You're right that they mean something, but meaning is always relative to context. The colour yellow does not always designate the leader of the tour de france, nor does someone wearing a yellow t-shirt, or even someone wearing a yellow t-shirt on a bicycle. The meaning of the jerseys is relevant in the context of professional cycling, but there is a difference between being involved in professional cycling and merely knowing about a jersey that does or does not have some significant meaning. If a rider were to wear the leader's jersey during the tour de france and they were not the leader, then yes -- how offensive and stupid and against the rules. But on the road where those rules don't apply, with everyone else who isn't competing in the tour... so what.
If you're wearing a Packers jersey, Paul, you're showing support, but if you're also brandishing a replica Superbowl ring, this might not be considered a good call.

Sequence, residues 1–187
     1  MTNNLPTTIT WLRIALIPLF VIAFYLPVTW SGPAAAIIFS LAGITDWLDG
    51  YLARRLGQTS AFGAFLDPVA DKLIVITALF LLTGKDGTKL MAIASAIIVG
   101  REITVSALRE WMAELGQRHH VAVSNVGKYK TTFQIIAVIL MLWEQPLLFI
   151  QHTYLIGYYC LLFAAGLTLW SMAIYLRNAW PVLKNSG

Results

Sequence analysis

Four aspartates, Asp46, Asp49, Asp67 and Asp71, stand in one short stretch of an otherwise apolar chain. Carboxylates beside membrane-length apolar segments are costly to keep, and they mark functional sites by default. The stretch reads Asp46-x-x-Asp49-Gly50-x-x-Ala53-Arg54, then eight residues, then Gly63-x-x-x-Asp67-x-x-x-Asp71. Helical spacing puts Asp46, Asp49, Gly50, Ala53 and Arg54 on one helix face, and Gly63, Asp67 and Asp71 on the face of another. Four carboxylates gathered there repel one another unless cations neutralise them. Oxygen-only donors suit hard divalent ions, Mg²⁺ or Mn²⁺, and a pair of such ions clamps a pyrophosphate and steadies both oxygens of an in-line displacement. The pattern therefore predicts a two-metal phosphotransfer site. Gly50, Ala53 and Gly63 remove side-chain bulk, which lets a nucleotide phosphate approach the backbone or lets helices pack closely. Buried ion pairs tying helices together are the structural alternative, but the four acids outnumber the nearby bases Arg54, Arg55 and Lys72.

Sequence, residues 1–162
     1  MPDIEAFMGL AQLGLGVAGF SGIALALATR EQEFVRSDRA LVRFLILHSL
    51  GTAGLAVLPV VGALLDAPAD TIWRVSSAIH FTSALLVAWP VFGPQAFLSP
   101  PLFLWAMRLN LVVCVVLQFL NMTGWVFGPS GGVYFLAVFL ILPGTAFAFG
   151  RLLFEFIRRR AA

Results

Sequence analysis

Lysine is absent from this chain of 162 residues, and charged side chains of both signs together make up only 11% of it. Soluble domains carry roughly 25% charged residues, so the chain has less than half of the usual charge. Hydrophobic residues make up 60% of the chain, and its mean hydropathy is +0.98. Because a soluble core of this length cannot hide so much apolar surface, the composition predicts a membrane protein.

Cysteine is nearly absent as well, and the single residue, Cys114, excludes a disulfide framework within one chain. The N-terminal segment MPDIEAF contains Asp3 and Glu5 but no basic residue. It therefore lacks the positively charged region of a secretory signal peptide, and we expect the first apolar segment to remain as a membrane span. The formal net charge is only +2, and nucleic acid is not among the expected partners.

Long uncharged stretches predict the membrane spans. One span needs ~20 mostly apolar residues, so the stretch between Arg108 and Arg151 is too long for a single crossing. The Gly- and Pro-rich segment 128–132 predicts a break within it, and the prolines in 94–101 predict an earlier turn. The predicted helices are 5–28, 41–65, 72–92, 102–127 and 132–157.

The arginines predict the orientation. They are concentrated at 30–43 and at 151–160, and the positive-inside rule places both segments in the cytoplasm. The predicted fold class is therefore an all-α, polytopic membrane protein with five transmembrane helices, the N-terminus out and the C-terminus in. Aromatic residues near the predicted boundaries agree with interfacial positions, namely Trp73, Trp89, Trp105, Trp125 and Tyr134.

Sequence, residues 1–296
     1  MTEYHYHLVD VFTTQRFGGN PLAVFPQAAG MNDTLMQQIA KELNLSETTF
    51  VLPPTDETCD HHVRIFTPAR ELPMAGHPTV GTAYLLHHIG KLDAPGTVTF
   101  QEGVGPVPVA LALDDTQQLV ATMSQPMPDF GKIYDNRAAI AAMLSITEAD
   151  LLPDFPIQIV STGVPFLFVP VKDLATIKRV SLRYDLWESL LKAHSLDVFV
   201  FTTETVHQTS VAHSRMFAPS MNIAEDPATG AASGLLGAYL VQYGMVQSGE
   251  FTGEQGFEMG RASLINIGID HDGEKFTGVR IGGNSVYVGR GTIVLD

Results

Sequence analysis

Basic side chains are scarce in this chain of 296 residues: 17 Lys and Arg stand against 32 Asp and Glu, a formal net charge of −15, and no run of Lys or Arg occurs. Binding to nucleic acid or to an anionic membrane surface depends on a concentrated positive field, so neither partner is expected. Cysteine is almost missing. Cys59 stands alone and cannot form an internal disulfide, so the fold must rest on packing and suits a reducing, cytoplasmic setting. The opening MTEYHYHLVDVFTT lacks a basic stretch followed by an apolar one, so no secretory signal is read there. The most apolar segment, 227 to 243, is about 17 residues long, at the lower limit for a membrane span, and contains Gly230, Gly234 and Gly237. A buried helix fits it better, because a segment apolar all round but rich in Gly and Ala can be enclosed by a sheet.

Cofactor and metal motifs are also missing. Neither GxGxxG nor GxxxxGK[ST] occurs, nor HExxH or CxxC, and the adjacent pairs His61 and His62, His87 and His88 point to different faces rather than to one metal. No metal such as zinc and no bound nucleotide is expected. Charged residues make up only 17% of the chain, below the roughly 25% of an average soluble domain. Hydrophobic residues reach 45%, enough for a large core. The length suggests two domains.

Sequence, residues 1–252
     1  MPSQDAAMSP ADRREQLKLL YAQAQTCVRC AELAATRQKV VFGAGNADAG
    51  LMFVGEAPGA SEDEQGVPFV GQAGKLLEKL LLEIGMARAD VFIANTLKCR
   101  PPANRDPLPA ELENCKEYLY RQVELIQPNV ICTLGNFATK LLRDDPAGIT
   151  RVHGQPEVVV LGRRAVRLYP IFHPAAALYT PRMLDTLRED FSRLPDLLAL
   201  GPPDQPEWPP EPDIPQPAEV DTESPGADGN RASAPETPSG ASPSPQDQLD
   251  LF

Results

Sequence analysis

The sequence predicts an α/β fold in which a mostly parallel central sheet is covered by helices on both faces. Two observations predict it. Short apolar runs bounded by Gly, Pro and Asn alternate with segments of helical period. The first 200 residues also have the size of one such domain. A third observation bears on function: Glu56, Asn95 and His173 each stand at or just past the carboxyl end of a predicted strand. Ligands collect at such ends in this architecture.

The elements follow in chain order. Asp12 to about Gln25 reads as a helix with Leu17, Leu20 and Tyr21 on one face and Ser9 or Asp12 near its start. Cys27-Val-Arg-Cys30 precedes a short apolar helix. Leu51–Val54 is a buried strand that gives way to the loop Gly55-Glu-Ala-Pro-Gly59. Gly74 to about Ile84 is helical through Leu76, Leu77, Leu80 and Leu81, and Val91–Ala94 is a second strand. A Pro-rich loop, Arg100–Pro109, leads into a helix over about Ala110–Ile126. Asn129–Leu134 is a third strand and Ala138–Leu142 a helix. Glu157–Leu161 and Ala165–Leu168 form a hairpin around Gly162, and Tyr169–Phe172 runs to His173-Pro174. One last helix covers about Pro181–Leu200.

I agree that people can wear what they want, but I also agree that people are allowed to be annoyed with it. Someone bought up war medals and it's very easy for me to go to a surplus store or online and buy a variety of replica medals (or even real ones). If a veteran got annoyed with me for wearing them because I didn't earn them, he'd be perfectly right to be annoyed. Similarly, if I decided that Maori facial tattoos would be a good idea and some Maori's got annoyed, we'd still both be right to hold our respective opinions.
The argument of "what difference does it make?" is a very complex one. If you want to go down this pathway, maybe we should start discussing art installations such as Serrano's Piss Christ. Symbols are important, to some.
If you wore a Moku (facial tattoo) I can guarantee a Maori would be more than just "a little annoyed" Your face would most likely be in need of "a little reconstructive surgery".